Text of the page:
In sharp exchanges underlining discord in a transatlantic bloc hailed by backers as the most successful military pact in history, Trump demanded that Europe pay more for its collective defense and make concessions to US interests on trade.

TikTok says it’s sorry for removing a US teen’s video criticizing the Chinese government’s crackdown on Uighur Muslims and other ethnic and religious minorities in the country.

In a statement Wednesday, TikTok blamed the video's removal on a “human moderation error.” But the ordeal has reignited concerns that the Chinese-owned, short video app is censoring US-generated content to appease Beijing.

The global economy may have narrowly avoided a recession, with most industrial and financial indicators pointing to a slight improvement between September and October after a sharp slowdown in the middle of the year.

Related: Statement pieces: Fashion designers worry over Brexit’s cost to UK industry

Earlier this month, two North Korean fishermen sailed into South Korean waters — a situation that might normally grant them asylum from their oppressive regime. 

But after the South Korean navy got hold of the North Korean squid boat on Nov. 2, Seoul didn’t exactly follow the usual protocol: Instead, they repatriated the two men back to Pyongyang through Panmunjom — a part of the Demilitarized Zone — for the first time in South Korean history.

Fifth day of impeachment hearings roundup

Nov 21, 2019

The fifth day of public hearings in the presidential impeachment inquiry wrapped up today in the House.

The House Intelligence Committee heard testimony from Fiona Hill, former senior director for Europe and Russia on the National Security Council, and David Holmes, political counselor at the US Embassy in Kyiv, Ukraine.

Hill said based on their questions and statements, some members of the panel appear to believe that Ukraine, rather than Russia and its security services, conducted a campaign against the United States during the 2016 presidential race.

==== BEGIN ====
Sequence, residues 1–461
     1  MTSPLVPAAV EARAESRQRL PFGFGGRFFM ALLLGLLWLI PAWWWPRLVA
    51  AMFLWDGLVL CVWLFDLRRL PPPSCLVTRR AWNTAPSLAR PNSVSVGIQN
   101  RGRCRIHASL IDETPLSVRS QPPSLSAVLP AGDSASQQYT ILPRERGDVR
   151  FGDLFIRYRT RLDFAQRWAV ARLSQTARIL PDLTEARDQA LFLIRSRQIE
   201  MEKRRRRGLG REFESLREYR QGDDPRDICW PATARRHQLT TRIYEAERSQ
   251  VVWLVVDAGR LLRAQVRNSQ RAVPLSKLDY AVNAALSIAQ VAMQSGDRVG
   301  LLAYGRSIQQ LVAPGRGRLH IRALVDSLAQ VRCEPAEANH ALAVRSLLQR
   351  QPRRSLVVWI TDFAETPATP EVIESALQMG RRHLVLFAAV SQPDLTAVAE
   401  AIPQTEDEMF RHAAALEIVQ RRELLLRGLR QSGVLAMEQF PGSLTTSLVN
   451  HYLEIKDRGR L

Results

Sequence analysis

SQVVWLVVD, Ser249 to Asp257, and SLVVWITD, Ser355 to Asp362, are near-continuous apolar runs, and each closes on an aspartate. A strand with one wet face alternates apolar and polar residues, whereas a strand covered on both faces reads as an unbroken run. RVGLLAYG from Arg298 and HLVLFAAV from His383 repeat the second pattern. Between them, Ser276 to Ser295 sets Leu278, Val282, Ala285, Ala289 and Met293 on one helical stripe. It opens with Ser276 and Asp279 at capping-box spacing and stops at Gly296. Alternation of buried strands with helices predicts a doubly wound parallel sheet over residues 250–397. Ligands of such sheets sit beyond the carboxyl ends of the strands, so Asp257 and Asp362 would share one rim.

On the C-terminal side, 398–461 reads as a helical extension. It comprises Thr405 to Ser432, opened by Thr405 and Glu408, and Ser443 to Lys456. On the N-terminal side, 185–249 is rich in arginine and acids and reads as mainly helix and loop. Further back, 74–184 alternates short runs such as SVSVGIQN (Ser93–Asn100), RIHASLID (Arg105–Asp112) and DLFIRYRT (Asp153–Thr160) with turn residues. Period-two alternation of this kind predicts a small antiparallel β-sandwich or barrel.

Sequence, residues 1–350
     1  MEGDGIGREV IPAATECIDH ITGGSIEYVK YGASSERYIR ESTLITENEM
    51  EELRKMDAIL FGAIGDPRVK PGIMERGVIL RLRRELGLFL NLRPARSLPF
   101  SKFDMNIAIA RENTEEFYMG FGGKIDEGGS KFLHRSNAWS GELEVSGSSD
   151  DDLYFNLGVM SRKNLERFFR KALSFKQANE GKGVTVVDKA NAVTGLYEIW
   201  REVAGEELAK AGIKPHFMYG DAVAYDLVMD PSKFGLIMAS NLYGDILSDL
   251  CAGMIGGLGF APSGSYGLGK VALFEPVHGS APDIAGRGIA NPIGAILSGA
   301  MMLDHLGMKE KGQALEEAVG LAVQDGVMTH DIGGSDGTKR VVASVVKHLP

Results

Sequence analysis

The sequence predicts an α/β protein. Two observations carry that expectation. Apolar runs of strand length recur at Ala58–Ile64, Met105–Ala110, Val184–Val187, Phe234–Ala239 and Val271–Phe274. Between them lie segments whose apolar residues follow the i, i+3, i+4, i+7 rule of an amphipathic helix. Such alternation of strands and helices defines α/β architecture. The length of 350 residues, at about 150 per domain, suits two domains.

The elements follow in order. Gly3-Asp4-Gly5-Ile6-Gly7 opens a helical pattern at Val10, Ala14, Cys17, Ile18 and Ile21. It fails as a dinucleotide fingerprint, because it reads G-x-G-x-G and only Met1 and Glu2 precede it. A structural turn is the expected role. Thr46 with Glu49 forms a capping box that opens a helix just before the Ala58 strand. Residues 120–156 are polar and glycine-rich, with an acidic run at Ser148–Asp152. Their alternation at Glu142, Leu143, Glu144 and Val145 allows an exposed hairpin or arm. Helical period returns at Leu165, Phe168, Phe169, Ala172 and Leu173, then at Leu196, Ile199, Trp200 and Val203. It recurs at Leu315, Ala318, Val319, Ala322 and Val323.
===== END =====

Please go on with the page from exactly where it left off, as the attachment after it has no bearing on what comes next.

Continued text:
The Federal Communications Commission will vote Friday on a set of proposals that would ban certain American carriers from using equipment made by Huawei Technologies Ltd., a Chinese company that US intelligence officials say poses a national security threat.

On the outskirts of Istanbul, a recently opened boarding school cares for dozens of Uighur children whose parents are imprisoned in China’s northwestern Xinjiang province. 

In the dormitory, they sleep four boys to a room on bunk beds. A list of chores is taped to the wall. But heavy on the students’ minds is the fate of their parents, who are caught in China’s widespread system of forced labor and "reeducation" camps that have detained more than a million members of a predominantly Muslim ethnic minority. 

Sandra Puma marched toward the center of Bolivia’s capital of La Paz on Thursday with her six-month-old child strapped to her chest. 

She was marching in a protest against Bolivia’s new interim president, her eyes stinging from the heavy rounds of tear gas shot by police to stop the crowd, which was several thousands strong, from reaching the presidential palace.